Wednesday, April 22, 2020

Time to read but no brain for it

I used to think, if only I had more time to read, I'd cut a canyon through my to-be-read pile. (The metaphor works because it is and has long been a vast mountain of a thing.) Every time a book that checks all my boxes comes out I'm all, YAY and one-click it and get really excited... and then it goes on top of the mountain, often never to be seen again.

Part of the problem, or so I thought, was lack of time. But right now, stuck in my house all day, every day, and no things to drive my kids to or appointments for dogs or husband or moms or self or grocery shopping or errands of any kind, I kind of do have time.

I just don't have the brain for it.

Like, I keep pulling books off the top of the mountain and cracking them open with glee, and they keep being well-written and engaging, but I just. Can't. Focus. I can't care. I surreptitiously side-peek at a news story or a think piece about the new normal or the endless Twitter feed of people freaking out.

I check my email.

I do the taxes.

But this week, I had a mini-breakthrough. My kids have a reading assignment for remote-learning school, and they have to sit down and read books for the project. Like, literally, butts in chairs, eyes on pages. So, in order to encourage this behavior, I told them I'd read with them. I started to reach for the peak of my mountain to pull down a much-longed-for piece of gooey fiction, but then I paused. Thought about it. And then grabbed a nonfiction book instead. To my surprise, it held my attention for hours. I zoomed through it, and for a little while, it was like old times, books and me, OTP.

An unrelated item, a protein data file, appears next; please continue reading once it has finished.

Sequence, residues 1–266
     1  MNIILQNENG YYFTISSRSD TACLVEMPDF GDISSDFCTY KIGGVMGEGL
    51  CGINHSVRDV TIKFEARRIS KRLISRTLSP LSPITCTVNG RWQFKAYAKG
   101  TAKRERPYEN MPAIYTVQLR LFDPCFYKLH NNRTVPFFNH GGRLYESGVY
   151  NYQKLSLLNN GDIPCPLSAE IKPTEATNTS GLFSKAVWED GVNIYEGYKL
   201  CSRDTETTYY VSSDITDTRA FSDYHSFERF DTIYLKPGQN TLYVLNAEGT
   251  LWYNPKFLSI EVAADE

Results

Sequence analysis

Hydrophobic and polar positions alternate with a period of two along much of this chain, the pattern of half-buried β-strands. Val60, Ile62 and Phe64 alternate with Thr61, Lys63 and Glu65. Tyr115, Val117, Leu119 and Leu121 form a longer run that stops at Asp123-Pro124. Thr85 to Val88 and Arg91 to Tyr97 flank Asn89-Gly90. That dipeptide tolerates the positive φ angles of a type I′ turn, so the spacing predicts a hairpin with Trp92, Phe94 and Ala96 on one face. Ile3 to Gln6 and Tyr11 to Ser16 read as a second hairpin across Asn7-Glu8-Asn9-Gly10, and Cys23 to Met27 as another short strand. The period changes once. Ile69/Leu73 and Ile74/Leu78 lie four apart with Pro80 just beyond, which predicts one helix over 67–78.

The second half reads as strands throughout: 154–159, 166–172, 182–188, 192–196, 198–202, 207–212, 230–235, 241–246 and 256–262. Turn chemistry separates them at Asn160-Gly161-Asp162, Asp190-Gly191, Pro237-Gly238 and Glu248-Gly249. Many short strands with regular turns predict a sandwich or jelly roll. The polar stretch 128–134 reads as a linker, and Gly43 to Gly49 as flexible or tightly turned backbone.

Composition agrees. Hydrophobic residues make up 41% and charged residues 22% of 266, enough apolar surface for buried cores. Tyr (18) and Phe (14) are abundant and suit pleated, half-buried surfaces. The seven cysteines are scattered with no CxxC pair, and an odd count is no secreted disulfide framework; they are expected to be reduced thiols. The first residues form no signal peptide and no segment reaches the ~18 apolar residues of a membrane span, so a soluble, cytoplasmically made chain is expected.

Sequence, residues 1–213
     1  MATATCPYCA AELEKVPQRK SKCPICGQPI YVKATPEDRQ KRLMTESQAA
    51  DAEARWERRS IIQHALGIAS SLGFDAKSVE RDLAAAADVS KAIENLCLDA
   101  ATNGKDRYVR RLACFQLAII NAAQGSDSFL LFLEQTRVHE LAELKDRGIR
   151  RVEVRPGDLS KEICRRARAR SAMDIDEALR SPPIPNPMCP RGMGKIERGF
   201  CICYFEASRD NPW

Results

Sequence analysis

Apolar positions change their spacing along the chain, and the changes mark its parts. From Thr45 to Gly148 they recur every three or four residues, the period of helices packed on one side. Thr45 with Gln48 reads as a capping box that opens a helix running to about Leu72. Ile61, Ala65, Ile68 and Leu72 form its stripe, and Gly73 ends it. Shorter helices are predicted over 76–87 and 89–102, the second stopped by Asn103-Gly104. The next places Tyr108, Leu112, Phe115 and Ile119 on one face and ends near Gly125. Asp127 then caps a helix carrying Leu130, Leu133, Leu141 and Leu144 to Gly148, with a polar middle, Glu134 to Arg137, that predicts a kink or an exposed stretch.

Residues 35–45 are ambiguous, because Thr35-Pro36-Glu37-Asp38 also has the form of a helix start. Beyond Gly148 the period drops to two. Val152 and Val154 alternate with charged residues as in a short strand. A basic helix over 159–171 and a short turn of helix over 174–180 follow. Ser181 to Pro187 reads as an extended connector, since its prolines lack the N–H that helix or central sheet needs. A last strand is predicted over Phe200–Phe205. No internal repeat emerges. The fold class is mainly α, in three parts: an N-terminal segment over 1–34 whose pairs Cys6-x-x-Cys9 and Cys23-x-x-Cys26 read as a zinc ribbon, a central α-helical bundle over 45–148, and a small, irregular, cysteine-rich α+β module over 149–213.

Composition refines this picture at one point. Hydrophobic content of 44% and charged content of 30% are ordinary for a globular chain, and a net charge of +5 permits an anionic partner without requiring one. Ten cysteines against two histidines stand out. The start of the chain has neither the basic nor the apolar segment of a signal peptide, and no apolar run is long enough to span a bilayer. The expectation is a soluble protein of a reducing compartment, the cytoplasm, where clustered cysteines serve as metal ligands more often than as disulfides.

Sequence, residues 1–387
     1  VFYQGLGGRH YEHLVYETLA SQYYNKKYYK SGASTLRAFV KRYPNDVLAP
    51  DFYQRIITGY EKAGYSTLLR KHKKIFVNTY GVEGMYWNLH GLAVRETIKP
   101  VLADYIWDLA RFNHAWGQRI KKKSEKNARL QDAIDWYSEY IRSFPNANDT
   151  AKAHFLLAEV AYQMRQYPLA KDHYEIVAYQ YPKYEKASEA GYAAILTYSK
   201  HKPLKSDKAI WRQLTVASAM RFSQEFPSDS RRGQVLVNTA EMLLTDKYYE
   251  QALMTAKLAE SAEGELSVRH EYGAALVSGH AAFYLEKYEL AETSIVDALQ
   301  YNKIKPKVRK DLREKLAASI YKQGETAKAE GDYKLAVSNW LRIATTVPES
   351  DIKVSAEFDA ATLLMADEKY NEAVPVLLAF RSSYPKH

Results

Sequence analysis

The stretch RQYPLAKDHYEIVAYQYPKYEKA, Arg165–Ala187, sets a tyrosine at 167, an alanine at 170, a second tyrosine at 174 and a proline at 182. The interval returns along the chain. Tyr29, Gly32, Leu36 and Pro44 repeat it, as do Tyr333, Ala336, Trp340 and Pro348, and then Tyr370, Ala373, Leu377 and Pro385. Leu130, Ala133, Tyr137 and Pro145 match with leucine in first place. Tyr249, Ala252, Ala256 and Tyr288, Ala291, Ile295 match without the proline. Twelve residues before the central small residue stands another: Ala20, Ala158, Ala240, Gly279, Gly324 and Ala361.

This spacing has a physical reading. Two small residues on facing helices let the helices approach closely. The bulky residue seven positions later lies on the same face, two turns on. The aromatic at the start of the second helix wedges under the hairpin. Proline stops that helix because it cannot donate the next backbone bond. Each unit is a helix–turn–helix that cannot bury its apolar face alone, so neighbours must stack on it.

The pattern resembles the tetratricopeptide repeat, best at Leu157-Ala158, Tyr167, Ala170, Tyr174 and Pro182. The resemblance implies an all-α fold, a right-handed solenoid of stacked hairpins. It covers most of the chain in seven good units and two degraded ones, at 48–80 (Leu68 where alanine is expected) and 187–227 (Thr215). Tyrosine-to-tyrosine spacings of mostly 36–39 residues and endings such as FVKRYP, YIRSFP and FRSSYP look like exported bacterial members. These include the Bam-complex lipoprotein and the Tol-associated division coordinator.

So I'm thinking that's my strategy going forward. I'm on the lookout for nonfiction that can keep my attention off the news. Recs in comments, please!

Oh, and as a footnote, the topic of the book that brought me back to reading? The plague of 1347-1351. Because of course.

We get through this however we can, people.

1 comment:

  1. If you like biographies, Michelle Obama's and Demi Moore's (I realize this is a spread) are both very good and compelling. The Golden Bough is dense, but also very interesting for fantasy writers. And these are older, but Atul Gawande's Complications is thought provoking, as are the essay collections by Oliver Sacks and Stephen Jay Gould. Newer stuff that's similar are Malcolm Gladwell's books. Finally, I recommend Brenda Ueland's If You Want to Write to *everyone*. It's not the usual thing - the subtitle is "A Book about Art, Independence and Spirit." It's about living life, too, and getting away from expectations.